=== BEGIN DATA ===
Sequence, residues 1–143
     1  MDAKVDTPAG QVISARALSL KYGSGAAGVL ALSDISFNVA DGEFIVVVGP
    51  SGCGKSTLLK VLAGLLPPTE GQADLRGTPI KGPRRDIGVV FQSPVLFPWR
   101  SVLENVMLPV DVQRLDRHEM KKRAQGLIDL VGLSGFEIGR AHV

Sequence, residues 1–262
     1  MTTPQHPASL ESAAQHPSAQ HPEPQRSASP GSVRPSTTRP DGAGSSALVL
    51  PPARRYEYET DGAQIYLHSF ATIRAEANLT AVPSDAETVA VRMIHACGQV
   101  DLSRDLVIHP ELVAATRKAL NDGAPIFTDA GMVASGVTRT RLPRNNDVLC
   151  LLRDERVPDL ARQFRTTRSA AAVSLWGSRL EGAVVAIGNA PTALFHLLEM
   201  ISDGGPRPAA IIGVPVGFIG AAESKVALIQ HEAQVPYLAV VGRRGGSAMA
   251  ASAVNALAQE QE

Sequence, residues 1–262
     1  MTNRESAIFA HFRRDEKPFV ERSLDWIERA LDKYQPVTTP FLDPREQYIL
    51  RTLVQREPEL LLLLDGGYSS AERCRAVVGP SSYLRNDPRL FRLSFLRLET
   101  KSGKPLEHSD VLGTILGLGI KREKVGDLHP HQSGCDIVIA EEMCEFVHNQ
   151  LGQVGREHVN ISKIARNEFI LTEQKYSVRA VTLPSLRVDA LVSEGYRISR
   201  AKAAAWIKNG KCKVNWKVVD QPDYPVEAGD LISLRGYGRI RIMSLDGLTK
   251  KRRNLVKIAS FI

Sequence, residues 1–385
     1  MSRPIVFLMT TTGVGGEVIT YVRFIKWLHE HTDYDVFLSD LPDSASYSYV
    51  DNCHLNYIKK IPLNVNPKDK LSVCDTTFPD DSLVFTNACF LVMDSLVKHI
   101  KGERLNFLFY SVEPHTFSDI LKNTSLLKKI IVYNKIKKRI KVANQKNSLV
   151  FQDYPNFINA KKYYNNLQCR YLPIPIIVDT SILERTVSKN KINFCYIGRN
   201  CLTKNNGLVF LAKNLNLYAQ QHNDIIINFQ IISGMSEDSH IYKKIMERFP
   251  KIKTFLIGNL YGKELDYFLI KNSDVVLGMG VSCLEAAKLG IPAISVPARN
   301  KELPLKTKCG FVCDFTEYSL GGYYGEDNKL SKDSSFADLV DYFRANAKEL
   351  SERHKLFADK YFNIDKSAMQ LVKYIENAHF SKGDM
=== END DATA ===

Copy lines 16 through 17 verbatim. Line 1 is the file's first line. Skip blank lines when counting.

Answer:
   151  LGQVGREHVN ISKIARNEFI LTEQKYSVRA VTLPSLRVDA LVSEGYRISR
   201  AKAAAWIKNG KCKVNWKVVD QPDYPVEAGD LISLRGYGRI RIMSLDGLTK